Bring seedpods to Captain Joe and Sons on Sunday morning between 10:30 and noon. Captain Joes is located at 95 East Main Street, East Gloucester.

If you’d like to distribute seeds, meet at the dock between 10:30 and noon and I will show you what to do.

NOTE: It is easy to tell when milkweed seedpods are ripe. The seeds inside turn brown. Do not collect the pods when the seeds are white or green. If you pick them too soon, they will never be viable. You can check the seed pods by slitting the pod a tiny bit and peeking inside.

Any questions, please comment in the comment section or email me at kimsmithdesigns@hotmail.com. Thank you and I hope to see you Sunday morning!

Milkweed is not only the Monarch caterpillar’s food plant, the florets are a very important source of nectar for myriad species of pollinators.

To learn more about how you can help fund the documentary Beauty on the Wing and the Monarch Butterfly Film Online Fundraising, please visit the film’s website at monarchbutterflyfilm.com.



Please join me Tuesday afternoon at 1pm, October 9th, for my lecture, slide presentation, and short films screening “Beauty on the Wing: Life Story of the Monarch Butterfly” for the Wolfeboro Garden Club. To see a complete list of programs, go to the programs page of my website at Programs and Bio.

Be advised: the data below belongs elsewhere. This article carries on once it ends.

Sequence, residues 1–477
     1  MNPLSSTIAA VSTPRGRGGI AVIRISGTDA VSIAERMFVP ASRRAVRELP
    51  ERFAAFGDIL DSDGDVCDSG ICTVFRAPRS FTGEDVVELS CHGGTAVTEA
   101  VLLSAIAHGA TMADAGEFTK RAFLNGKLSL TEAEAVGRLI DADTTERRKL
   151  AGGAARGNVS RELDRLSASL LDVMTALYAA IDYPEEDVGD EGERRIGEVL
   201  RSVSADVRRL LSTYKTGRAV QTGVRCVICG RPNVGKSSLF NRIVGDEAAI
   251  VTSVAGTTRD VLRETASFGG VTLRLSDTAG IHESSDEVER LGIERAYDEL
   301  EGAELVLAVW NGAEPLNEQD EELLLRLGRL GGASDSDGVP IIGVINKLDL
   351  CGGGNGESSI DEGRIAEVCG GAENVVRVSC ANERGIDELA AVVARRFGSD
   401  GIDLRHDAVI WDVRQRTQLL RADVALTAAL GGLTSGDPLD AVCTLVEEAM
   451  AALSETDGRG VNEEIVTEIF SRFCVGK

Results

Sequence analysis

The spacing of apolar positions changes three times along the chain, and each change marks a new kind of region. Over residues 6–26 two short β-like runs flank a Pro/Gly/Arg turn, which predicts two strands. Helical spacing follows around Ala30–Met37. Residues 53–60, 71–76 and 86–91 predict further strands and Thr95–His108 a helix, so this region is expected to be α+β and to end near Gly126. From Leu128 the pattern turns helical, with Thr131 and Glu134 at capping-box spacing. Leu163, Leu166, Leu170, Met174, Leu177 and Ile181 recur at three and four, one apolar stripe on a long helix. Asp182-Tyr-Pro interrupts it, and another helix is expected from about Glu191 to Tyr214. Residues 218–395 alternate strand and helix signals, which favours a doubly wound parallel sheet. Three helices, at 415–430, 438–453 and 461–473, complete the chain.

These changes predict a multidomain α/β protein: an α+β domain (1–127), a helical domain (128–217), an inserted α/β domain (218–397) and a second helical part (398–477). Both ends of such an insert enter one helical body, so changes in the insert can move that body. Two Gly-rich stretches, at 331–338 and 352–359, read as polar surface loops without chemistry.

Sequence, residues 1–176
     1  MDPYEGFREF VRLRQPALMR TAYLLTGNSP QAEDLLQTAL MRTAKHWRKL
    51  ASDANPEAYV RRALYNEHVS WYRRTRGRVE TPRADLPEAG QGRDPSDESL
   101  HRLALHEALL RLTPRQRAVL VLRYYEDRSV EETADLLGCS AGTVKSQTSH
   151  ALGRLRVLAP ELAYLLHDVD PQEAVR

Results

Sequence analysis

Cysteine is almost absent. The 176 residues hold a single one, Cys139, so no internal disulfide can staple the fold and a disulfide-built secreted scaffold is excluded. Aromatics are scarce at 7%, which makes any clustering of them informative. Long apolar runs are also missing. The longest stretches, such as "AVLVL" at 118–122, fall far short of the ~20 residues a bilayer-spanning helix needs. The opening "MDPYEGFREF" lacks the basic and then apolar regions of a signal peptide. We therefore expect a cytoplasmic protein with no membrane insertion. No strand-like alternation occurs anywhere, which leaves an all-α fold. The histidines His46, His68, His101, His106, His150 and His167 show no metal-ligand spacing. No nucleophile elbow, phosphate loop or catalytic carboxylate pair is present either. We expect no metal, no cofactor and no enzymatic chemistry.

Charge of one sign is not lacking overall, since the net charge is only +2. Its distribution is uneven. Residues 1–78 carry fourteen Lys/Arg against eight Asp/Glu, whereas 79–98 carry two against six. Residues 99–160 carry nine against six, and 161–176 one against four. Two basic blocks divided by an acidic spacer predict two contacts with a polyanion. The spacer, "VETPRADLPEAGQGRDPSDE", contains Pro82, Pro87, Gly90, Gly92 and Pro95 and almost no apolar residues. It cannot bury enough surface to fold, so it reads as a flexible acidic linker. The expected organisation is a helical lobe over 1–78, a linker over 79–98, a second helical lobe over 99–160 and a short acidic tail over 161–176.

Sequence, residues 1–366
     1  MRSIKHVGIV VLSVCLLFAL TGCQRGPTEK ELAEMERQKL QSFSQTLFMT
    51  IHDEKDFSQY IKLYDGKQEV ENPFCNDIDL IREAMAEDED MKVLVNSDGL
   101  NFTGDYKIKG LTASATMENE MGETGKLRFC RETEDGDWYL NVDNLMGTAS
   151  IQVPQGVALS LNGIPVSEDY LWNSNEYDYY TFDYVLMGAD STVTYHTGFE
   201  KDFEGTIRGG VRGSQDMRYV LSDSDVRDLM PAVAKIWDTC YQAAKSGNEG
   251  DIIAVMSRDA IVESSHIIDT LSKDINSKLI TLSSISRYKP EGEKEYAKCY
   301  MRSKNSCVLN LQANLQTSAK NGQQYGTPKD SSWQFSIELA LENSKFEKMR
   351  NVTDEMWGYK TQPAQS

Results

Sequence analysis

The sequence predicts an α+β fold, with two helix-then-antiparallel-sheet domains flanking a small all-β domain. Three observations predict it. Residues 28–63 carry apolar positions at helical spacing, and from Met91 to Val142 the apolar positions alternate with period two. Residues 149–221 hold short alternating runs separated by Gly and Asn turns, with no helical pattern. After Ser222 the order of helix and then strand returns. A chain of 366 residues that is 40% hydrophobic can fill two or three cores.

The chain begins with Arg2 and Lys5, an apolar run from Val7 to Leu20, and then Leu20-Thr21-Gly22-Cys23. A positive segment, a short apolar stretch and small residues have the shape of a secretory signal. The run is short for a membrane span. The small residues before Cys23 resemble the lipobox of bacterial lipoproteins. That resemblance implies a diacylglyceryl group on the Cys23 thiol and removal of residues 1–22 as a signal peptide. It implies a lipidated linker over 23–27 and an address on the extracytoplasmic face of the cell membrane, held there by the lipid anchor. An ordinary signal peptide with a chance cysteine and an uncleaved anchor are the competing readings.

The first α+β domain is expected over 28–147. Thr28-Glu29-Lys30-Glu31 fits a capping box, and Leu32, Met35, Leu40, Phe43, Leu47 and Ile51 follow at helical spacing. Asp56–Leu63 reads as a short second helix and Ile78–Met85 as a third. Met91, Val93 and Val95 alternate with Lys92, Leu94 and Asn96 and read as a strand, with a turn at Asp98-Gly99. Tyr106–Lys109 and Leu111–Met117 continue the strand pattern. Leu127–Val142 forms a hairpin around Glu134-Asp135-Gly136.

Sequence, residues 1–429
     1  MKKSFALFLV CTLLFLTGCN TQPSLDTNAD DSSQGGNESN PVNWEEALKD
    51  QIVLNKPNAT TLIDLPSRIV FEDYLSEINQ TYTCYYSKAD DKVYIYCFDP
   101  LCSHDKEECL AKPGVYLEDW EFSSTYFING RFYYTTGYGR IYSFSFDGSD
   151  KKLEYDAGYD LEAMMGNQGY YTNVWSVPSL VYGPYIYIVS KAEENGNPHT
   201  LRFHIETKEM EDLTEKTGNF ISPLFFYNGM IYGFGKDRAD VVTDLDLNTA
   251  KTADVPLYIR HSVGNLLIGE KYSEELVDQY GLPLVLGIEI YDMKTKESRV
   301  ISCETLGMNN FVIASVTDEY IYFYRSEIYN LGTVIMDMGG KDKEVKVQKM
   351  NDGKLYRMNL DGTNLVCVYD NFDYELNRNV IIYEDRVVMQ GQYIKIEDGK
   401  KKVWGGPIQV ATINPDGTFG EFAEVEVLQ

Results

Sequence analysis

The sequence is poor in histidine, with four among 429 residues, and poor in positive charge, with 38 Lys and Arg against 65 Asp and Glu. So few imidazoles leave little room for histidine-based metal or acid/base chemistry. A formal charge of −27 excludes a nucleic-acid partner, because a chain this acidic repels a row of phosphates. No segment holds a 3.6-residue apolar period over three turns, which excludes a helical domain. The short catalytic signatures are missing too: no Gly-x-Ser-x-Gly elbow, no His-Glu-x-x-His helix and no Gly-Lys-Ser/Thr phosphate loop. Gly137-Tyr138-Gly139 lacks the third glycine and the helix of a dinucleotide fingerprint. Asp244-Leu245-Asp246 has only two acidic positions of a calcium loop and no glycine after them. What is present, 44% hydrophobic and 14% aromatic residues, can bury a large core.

Monarchs Awakening at Daybreak, Gloucester

The lecture will be held at the All Saints Episcopal Church, 258 South Main Street, Wolfeboro, New Hampshire.


Sending our heartfelt condolences to the Halsted Family on the passing of Tom, the kindest gentleman and one of Gloucester’s brightest stars. 

Thomas A Halsted, Tom, to all who knew and loved him, sailed out on the morning tide for the last time, on October 7, 2017, one day before his 84th birthday. Born on October 8th, 1933, he died of cancer. Now he is having a new adventure, sailing into the unknown.